Right now there is a curiosity in Jewish communities about the Arabic speaking world but often it’s interwoven with schadenfreude: Why can’t they have democracy? Why do they blow up one another’s mosques? Why are people kept so poor in such an oil-rich region? Can women drive cars in Damascus? What are you going to Damascus for, to learn how to make bombs? I want to help change that curiosity in which the subtext is, why are Israelis so superior? There needs to be a more neutral and respectful curiosity about Arab culture and the Arabic language.
PJV: Did you get to travel widely? What surprised you most about Syrian culture? You are half-way through your year there, how has your perspective changed over time?
There are certain things I think we can learn from more traditional cultures of the Arabic-speaking people of greater Syria, if I’m not romanticizing. There’s a huge emphasis on spending time with family and friends. Syrians will often tell foreign students like me, when we say we don’t have time to socialize due to our studies, that we don’t know the real meaning of friendship; they sometimes get angry. Also, all their produce is locally grown. They often mention that Syria is self-sufficient in this way, which of course is easy to do in the Mediterranean. Public transportation is very efficient and inexpensive, you rarely have to wait more than two minutes for a microbus. People are very very friendly and hospitable, they’re world-famous for it.
PJV: Can you get by as a tourist without Arabic?
Sure. I was really overwhelmed by the great wealth of archaeological sites and stunning Islamic architecture. I was able to dress like I dress in America, which one can’t do in Egypt or the West Bank.
PJV: What are the religious services of Syrian Jews like? This was the first time I was in a Yom Kippur service where there were more Torah scrolls than people. I think I counted twenty-five kept in this one synagogue. All in beautifully ornate cases, they’re the scrolls brought from other Damascus synagogues which have since been boarded up. The service was 100% in Hebrew; I’d never heard this particular kind of semi-melodic chanting before.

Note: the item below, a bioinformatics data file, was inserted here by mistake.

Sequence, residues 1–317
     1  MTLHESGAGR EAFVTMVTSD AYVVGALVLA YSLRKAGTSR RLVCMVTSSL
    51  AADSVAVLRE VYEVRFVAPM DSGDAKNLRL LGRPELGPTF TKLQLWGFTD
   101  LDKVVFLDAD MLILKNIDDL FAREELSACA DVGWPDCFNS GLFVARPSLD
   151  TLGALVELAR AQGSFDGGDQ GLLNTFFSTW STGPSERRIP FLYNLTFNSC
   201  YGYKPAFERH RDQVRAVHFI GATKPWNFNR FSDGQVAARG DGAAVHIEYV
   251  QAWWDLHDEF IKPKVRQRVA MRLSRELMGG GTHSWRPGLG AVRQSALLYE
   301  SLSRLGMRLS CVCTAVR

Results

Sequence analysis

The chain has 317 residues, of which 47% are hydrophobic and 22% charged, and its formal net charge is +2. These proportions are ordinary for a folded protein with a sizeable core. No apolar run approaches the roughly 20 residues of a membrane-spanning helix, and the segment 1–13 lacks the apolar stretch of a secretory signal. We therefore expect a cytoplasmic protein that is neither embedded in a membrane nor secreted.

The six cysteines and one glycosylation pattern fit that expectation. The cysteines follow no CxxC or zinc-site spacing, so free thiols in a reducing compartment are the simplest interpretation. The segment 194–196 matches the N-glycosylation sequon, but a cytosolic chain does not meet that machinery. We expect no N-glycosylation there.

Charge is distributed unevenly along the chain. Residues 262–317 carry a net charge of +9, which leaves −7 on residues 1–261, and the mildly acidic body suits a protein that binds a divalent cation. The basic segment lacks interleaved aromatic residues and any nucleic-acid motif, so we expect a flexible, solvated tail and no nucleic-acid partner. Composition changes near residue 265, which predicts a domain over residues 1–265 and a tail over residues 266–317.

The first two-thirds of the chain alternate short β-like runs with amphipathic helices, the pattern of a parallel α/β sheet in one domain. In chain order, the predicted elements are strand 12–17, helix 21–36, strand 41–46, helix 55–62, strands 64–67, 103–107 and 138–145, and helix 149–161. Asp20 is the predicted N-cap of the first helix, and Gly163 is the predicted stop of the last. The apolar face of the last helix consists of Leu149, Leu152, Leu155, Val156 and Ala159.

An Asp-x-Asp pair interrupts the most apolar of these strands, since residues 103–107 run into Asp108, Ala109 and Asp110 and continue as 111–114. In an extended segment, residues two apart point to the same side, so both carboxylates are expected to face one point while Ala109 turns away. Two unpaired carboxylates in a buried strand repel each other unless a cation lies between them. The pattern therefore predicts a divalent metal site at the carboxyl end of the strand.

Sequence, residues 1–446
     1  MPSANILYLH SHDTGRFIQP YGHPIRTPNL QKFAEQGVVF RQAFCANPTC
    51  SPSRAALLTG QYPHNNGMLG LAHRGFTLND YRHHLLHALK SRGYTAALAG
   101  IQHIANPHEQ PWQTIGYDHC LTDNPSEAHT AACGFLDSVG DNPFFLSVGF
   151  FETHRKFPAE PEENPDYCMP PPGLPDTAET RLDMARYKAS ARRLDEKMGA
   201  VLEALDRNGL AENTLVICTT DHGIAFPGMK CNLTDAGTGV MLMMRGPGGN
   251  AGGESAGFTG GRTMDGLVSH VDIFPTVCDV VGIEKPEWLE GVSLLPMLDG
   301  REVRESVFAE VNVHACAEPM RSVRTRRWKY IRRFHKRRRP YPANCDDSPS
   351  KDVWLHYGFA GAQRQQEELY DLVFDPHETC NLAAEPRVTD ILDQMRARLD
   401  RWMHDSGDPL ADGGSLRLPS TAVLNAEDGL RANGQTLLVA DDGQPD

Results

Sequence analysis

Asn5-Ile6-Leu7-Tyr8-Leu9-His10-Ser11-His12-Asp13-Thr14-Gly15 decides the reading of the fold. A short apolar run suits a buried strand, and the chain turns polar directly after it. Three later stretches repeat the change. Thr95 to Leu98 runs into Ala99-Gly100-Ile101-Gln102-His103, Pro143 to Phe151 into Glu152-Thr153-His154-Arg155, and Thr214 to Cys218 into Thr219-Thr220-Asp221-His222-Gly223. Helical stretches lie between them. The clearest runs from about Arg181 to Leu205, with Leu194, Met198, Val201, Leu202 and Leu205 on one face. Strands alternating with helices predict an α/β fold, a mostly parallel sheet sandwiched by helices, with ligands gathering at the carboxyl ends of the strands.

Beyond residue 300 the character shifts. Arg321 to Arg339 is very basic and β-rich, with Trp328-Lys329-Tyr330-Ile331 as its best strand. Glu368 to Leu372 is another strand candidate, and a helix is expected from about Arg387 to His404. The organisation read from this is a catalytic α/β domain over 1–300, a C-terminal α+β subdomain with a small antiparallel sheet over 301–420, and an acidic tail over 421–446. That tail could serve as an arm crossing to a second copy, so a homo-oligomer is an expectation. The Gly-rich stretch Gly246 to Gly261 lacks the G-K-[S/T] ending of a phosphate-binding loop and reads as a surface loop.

PJV: Was there separate seating? Did the temple look like a mosque?
There was a place for women upstairs but since there were so few of us, we all sat downstairs. Ostensibly there could have been separate seating if there had been more people. We women were sitting off to the side in the back, but at one point they invited us to sit closer to the men, near the ark. They seemed impressed that we as women knew how to davven (pray) and read Hebrew. They probably didn’t think very much about this, but for us it felt like a rather profound gesture. Here we are, still fasting and praying in Damascus in 2008, so indeed, why make praying, atoning Jews sit so far away?
Many elements of the synagogue showed Islamic influence, for example the name of G*d in Hebrew illuminated on the gold wall plaques, stylized exactly like in the mosques. There’s a lot of word art with religious themes; it’s done in Hebrew calligraphy just like its Islamic, Arabic counterpart.
PJV: Did you feel isolated as a Jew in Syria?
Well, for those who are looking, I met /heard about over ten very eligible Jewish bachelors who would each love a Jewish woman to contact them with an eye toward marriage and a life in Syria. They all make an excellent living there, and as rumor has it, are quite eligible. But, what’s left of Jewish life in Damascus gives a sense of what it was like to be Jewish before vast swaths of Jews immigrated to America.
Being a minority anywhere, religious or otherwise, can be a position of disempowerment and the position of Jews in Syria must have been similar in some ways to that of other religious minorities. How similar, well, that’s a question for graduate school. But in this regard, Syrian Jews were integrated into a religiously-diverse Syrian society. The Jews were a sect among sects in Syria; they were sectarian in the true sense of the word.
PJV: One hears that people watch what they say over there. How safe and observed do you feel?
I know that part of what makes Syria so safe is that there’s a lot of “observing.” I feel very safe and know I can walk around at any time of day or night. I run alone at night and feel 100% safe and often feel people there are so involved in the lives of others and it’s like the entire society watches one another. It’s a nosey culture but people also care about one another immensely and watch out for the well-being of women especially. There’s a certain sense of chivalry that’s present in the society.
PJV: Are you “out” as a Jew there?
No. But maybe I’m just afraid and not giving the Syrians a chance. It’s been fascinating discovering a whole world where Judaism doesn’t exist. Here some people live very pious lives but they’ve never met a Jew, it doesn’t show up on their religious radar. It’s been a wake-up call to realize this is a norm in much of the world, that Judaism just isn’t present. Maybe it’s present in its absence; Jews are depicted as such an ominous force in world politics though no one has met one of us. Part of it is that I don’t want to make them feel uncomfortable.